The title of this blog is one of the most common questions we get from clients at Carroll Law Office. It’s entirely understandable, too. After all, you’re ready to move on with your life and focus on new beginnings.
While California law has guidelines that dictate this, the ultimate answer depends on your situation. The biggest deciding factor in the length of your divorce case will come down to whether or not the divorce is contested.
As a no-fault state for divorce, you won’t have to worry about building a case against your ex. The court essentially doesn’t care about why you’re getting a divorce. In fact, they probably don’t even want to hear it. Court officials will focus on making sure your filing is complete and that there is either an agreement on your divorce or that they’ve settled the necessary details for you.
There has been some discussion about adding ramifications to the California divorce process such as punishing individuals who have been convicted of or admitted to domestic violence. So far this isn’t the case, so unless that changes you shouldn’t bank on this working for or against you.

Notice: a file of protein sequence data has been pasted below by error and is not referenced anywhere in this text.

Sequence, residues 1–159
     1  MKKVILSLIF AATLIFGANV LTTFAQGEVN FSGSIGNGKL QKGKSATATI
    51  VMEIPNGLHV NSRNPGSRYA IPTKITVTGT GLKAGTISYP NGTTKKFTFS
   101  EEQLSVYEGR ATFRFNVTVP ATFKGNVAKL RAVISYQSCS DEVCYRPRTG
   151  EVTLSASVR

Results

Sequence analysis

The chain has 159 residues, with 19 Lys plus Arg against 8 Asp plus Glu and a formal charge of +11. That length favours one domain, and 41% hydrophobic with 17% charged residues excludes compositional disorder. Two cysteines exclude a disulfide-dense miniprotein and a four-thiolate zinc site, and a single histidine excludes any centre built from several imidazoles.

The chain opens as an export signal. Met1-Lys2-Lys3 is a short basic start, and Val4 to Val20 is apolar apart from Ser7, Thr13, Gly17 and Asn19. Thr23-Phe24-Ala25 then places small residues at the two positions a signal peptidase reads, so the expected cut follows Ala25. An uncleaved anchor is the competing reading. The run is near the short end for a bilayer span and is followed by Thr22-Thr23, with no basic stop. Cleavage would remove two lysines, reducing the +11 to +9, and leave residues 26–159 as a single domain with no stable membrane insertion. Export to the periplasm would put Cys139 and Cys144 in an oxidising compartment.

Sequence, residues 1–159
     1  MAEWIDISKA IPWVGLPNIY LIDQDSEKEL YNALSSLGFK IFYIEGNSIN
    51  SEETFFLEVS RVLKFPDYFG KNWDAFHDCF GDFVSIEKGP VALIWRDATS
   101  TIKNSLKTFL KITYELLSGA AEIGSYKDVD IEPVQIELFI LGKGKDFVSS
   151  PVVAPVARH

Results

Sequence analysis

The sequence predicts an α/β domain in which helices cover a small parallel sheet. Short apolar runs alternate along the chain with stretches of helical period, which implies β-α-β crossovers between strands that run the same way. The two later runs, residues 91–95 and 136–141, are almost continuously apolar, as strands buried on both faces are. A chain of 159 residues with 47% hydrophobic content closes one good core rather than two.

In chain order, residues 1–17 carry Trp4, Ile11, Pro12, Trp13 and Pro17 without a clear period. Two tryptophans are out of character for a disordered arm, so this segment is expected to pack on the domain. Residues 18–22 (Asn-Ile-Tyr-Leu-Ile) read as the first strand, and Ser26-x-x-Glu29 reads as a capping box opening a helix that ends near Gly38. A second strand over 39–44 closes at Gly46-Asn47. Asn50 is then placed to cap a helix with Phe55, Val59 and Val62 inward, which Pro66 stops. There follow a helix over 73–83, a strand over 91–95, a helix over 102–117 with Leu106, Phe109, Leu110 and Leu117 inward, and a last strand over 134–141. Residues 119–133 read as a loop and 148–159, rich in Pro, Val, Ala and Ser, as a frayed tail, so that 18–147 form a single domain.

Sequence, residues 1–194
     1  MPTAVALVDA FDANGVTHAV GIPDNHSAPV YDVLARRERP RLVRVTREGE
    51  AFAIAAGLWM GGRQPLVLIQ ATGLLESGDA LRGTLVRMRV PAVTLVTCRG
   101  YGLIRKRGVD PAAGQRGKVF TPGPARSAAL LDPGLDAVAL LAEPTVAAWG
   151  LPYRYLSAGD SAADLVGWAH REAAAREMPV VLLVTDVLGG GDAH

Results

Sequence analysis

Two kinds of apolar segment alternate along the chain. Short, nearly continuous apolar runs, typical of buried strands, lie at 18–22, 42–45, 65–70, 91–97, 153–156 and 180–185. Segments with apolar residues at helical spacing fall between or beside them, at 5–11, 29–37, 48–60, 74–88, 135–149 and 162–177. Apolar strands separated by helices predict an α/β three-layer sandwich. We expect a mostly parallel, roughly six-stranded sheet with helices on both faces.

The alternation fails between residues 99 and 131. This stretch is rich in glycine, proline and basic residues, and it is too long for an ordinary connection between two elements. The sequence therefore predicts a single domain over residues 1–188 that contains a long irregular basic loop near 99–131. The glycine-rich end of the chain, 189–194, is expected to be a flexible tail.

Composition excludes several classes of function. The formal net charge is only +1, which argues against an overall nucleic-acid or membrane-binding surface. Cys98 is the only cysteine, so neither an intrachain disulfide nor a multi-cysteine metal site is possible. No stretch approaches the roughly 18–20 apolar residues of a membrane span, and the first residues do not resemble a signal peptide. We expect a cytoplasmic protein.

Uncontested divorce, naturally, works more seamlessly than a contested divorce. In this case, it could be as simple as one party filing for divorce and waiting six months for the divorce to be finalized per California Law. Generally, uncontested divorces take between 6-12 months.
If you or your spouse are working to finalize certain details of the divorce, however, that time period will stretch a bit longer. Maybe you’re in agreement on almost every point but are working on who gets what assets. Your case will take as long as it takes to figure that out, but if you’re not able to come to a complete agreement then your divorce could go from uncontested to contested quickly.
When your divorce is contested, either from the get-go or as the uncontested process shifts to contested, the time period can stretch between one and two years (occasionally longer). Contested divorces will have the same required six-month waiting period that uncontested ones do, but the courts will need more time to sort out your situation.
If you and your partner have significant assets and income between you then it’s more likely that your case will take much longer. Because California is a community property state, all property acquired during the marriage will be presumed to be equally owned by both spouses. This could lead to a long back-and-forth, but you can make the whole process easier if you’re able to come to an agreement with your spouse so the courts don’t have to sort it all out.
At Carroll Law Office, we’ve handled divorces of all types and lengths. Even if you think you have an uncontested and “easy” divorce, you should speak to an attorney to make sure you don’t end up costing yourself should your case turn sideways. Our team wants to help you simplify life’s complexities. Contact us today and get your divorce process on the right timeline.
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